The Obama administration will disclose details about its banking stress tests and what capital participants may need in a two-stage process beginning next week, CNBC has learned.
Here's what the timeline looks like, according to federal regulatory sources.
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On April 24, the government will reveal the economic and financial assumptions involved in the tests, which are meant to determine an institution's ability to withstand a further deterioration in the economic environment. Such criteria would include a rise in the unemployment rate.
On May 4, actual results of the test will be released, including what steps may be needed to address a bank's capital needs.
During that time, the participating banks -- the nation's 19 largest -- will hold individual meetings with banking regulators as well as Treasury officials to discuss the results and remedies.
The govenment's plan has always called for providing federal financial aid to companies that cannot rasie the needed capital from the private sector, which is the preference.
The White House Wednesday tried to contain growing speculation about the tests: "Early in May you will see in a systematic and coordinated way the transparency of determining and showing to all involved some of the results of these stress tests," White House spokesman Robert Gibbs said.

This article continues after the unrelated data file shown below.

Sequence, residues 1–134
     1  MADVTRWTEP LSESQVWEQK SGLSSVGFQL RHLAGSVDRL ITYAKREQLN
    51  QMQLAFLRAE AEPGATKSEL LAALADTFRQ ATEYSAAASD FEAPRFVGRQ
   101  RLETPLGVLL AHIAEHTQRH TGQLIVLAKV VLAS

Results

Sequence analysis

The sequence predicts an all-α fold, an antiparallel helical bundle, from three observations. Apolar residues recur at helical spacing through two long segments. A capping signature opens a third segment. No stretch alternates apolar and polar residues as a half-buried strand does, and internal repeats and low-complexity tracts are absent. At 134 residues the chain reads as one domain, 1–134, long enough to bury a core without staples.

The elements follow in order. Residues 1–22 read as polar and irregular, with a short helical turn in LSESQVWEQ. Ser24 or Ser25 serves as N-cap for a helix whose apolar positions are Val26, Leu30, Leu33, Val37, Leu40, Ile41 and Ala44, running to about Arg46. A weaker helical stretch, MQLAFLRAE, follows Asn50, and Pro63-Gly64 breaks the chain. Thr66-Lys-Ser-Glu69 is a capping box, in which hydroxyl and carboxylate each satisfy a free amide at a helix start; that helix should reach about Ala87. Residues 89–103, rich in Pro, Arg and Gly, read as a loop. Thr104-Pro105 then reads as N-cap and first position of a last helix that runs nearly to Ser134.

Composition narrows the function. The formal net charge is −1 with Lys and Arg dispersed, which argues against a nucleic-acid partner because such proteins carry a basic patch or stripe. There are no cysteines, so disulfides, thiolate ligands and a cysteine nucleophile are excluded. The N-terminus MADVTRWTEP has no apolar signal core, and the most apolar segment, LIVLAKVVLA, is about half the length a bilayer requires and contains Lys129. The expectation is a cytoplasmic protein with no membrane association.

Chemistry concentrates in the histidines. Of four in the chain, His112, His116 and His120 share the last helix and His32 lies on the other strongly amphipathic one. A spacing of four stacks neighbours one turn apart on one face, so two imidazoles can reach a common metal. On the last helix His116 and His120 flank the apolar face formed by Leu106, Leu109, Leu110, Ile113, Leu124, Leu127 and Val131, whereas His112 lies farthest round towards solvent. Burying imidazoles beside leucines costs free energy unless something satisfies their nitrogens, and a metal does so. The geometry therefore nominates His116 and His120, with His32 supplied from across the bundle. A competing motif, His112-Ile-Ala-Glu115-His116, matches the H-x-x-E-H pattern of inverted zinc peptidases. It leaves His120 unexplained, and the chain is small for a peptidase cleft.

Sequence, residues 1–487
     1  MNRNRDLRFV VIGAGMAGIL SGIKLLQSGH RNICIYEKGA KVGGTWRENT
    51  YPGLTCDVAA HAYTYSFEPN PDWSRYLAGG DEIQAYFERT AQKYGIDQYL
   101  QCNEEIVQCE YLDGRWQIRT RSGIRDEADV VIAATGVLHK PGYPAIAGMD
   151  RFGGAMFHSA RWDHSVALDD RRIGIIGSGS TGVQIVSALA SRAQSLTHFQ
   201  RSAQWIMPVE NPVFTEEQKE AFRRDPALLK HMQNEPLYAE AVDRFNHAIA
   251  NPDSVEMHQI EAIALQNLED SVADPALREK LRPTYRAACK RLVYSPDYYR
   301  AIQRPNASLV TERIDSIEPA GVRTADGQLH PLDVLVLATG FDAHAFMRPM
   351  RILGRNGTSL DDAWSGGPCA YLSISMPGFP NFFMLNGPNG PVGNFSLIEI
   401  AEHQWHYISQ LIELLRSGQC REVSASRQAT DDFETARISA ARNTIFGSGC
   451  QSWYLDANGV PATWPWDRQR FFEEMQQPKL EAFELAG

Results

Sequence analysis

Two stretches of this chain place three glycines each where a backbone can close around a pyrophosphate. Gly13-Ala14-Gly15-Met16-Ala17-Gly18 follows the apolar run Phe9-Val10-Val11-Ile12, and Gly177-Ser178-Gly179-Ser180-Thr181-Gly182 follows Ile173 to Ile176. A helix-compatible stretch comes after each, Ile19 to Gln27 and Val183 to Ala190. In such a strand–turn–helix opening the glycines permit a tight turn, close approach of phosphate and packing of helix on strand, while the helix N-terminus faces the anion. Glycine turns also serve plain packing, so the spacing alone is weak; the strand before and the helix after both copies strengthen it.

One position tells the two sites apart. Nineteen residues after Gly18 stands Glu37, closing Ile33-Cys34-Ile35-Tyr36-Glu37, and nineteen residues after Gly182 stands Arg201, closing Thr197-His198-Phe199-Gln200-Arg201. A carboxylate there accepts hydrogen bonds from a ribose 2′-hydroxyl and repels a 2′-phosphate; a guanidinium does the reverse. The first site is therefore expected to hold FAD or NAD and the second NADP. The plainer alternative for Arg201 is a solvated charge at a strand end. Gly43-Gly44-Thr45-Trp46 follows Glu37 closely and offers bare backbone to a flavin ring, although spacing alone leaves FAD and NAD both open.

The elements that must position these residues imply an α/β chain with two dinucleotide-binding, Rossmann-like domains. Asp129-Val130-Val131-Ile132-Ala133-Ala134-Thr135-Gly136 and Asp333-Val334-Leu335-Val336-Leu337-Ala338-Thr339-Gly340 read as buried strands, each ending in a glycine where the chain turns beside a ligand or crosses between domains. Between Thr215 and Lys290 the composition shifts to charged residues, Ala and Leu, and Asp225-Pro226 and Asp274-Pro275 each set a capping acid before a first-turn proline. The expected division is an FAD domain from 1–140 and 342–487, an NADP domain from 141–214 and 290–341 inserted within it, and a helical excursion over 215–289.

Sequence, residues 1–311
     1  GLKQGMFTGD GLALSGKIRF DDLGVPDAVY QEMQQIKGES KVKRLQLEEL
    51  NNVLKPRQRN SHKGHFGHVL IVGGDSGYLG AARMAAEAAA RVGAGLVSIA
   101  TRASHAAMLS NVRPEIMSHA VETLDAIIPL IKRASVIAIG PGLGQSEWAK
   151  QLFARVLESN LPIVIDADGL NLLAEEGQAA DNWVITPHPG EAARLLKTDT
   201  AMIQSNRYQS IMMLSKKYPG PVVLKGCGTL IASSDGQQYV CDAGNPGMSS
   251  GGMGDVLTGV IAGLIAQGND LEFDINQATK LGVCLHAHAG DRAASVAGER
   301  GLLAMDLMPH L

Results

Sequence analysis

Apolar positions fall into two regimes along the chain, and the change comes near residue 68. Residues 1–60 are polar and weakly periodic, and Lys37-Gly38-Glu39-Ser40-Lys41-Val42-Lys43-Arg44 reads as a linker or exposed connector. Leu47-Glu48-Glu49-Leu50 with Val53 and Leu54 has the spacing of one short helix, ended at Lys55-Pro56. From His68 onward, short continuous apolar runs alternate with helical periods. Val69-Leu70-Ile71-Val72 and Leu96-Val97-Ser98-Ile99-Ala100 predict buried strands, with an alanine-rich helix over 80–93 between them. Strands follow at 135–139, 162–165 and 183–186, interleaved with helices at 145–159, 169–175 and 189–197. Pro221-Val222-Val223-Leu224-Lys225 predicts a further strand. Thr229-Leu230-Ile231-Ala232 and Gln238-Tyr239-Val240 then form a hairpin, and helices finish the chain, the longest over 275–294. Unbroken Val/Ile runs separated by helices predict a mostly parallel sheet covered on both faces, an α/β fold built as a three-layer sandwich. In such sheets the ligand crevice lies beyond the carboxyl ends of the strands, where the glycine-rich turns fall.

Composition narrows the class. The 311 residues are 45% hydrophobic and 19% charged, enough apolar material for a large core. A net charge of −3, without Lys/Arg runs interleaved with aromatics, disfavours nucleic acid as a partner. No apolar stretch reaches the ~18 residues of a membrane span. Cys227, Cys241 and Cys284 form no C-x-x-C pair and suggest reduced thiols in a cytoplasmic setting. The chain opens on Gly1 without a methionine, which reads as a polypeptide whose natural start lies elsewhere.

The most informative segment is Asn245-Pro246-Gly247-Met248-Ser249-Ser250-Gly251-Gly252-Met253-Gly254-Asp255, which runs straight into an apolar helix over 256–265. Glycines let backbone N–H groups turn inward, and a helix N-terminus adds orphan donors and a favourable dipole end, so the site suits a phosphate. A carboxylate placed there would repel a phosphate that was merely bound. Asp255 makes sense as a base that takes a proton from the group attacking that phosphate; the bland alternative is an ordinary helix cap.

The stress tests are part of the administration's multi-faceted financial stability plan, which include a public private-partnership for buying banks' toxic assets, mortgage market support and a business-consumer lending facility.
The assumptions include both base-case and worst-case scenarios, as well as adverse market shocks.
Banks will be given an opportunity to comment on the tests in the April 24-May 4 period.
The stress tests have been something of a hot potato for the Obama administration more than two months ago. Analysts have worried that the process might not be transparent enough for the markets and could have unintended consequences, such as creating a weak/strong division among the participants.
Others have said that the tests are nothing more than political theatre in that financial institutions are regularly subjected to such testing by bank examiners.For more stories from CNBC, go to cnbc.com.